Welcome to the Call Report Resources Blog
My friend Fritz is Cashier at a bank in a tiny Texas town that the highway department left off their maps about thirty years ago. Every day they close the bank for an hour at lunchtime. Everyone in the bank then walks across the street, stepping around the sleeping dogs, and has lunch in the café. They eat the same thing every day because, well, there is really only one thing on the menu.
Fritz was complaining to me the other day about the problems working in an antique bank. “Back in 1907, whoever set up the general ledger decided that the bank just needed two accounts for investment securities. To make it worse, the chairman’s ex-brother-in-law, Bubba, comes in part-time every afternoon to post the transactions. You never know what that knucklehead is going to book.”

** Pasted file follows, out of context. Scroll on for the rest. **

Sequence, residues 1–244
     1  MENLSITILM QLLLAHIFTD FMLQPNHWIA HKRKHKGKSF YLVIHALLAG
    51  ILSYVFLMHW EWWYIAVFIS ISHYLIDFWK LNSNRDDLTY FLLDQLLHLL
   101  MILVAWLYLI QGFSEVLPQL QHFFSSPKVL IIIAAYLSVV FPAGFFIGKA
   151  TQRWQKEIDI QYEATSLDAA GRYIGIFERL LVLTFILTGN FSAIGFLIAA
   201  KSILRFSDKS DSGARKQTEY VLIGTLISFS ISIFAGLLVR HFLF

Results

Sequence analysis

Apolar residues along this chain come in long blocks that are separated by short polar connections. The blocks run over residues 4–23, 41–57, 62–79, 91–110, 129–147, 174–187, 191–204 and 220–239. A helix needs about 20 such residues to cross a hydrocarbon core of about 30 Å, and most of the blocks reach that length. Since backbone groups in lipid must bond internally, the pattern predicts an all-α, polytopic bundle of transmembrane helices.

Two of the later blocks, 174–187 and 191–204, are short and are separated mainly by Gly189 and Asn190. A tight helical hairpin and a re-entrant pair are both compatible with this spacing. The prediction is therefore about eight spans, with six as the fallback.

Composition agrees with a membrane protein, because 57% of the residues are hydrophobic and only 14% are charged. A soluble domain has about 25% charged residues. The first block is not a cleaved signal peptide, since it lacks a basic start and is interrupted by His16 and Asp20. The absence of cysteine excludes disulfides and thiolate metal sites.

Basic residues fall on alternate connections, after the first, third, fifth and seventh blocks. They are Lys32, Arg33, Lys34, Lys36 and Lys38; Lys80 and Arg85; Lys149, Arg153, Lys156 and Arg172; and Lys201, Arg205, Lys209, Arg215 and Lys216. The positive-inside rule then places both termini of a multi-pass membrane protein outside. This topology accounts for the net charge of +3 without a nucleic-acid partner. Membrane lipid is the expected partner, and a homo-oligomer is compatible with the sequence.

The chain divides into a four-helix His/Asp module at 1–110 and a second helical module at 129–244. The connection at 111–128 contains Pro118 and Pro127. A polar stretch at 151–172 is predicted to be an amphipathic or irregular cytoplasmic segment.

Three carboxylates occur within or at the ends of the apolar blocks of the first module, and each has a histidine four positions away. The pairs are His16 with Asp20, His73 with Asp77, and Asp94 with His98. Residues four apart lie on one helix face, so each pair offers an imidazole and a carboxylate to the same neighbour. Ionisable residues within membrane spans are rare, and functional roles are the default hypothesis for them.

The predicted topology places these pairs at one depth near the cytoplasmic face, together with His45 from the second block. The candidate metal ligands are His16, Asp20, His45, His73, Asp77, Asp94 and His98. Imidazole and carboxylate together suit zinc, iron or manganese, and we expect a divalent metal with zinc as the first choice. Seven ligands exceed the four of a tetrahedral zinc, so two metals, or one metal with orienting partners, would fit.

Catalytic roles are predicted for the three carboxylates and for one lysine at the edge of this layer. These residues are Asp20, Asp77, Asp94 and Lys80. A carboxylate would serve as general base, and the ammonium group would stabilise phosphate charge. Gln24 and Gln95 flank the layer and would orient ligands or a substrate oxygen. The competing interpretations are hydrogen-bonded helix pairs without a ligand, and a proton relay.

Fritz shared with me some tips on how he copes when preparing the Call Report. The first thing he does is to reconcile the investment accounting reports from his correspondent...
Well, we are going to get some relief regarding reporting International Remittance Transfers (IRTs) for the remainder of this year. The items that were typically required for the June reporting period will be pushed to December 31, 2021 given the new threshold that is now effective for additional reporting.
Revisions related to reporting international remittance transfers (IRT) in RC-M item 16:
What to look for?
When high school football practices start every summer in Texas, the local TV station always goes out to cover the teams and interview the coaches. They always say the same thing, “We are going to concentrate on the fundamentals, basic blocking and tackling.” Before the plays can be run the players first have to master the basics.